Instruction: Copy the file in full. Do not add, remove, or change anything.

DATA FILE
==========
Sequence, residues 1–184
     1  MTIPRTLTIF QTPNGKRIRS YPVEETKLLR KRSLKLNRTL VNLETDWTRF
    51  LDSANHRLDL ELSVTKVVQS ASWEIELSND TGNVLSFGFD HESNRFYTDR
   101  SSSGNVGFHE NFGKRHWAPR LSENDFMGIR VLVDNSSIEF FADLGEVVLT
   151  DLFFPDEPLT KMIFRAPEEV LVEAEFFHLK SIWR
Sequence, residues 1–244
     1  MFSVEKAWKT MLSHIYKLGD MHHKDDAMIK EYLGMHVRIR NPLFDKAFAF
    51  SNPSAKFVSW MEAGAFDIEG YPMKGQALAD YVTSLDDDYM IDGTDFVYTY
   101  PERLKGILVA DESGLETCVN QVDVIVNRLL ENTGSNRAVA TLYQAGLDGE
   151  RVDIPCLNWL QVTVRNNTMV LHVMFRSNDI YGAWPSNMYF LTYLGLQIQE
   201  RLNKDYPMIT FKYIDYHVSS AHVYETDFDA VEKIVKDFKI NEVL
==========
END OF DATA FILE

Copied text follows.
Sequence, residues 1–184
     1  MTIPRTLTIF QTPNGKRIRS YPVEETKLLR KRSLKLNRTL VNLETDWTRF
    51  LDSANHRLDL ELSVTKVVQS ASWEIELSND TGNVLSFGFD HESNRFYTDR
   101  SSSGNVGFHE NFGKRHWAPR LSENDFMGIR VLVDNSSIEF FADLGEVVLT
   151  DLFFPDEPLT KMIFRAPEEV LVEAEFFHLK SIWR
Sequence, residues 1–244
     1  MFSVEKAWKT MLSHIYKLGD MHHKDDAMIK EYLGMHVRIR NPLFDKAFAF
    51  SNPSAKFVSW MEAGAFDIEG YPMKGQALAD YVTSLDDDYM IDGTDFVYTY
   101  PERLKGILVA DESGLETCVN QVDVIVNRLL ENTGSNRAVA TLYQAGLDGE
   151  RVDIPCLNWL QVTVRNNTMV LHVMFRSNDI YGAWPSNMYF LTYLGLQIQE
   201  RLNKDYPMIT FKYIDYHVSS AHVYETDFDA VEKIVKDFKI NEVL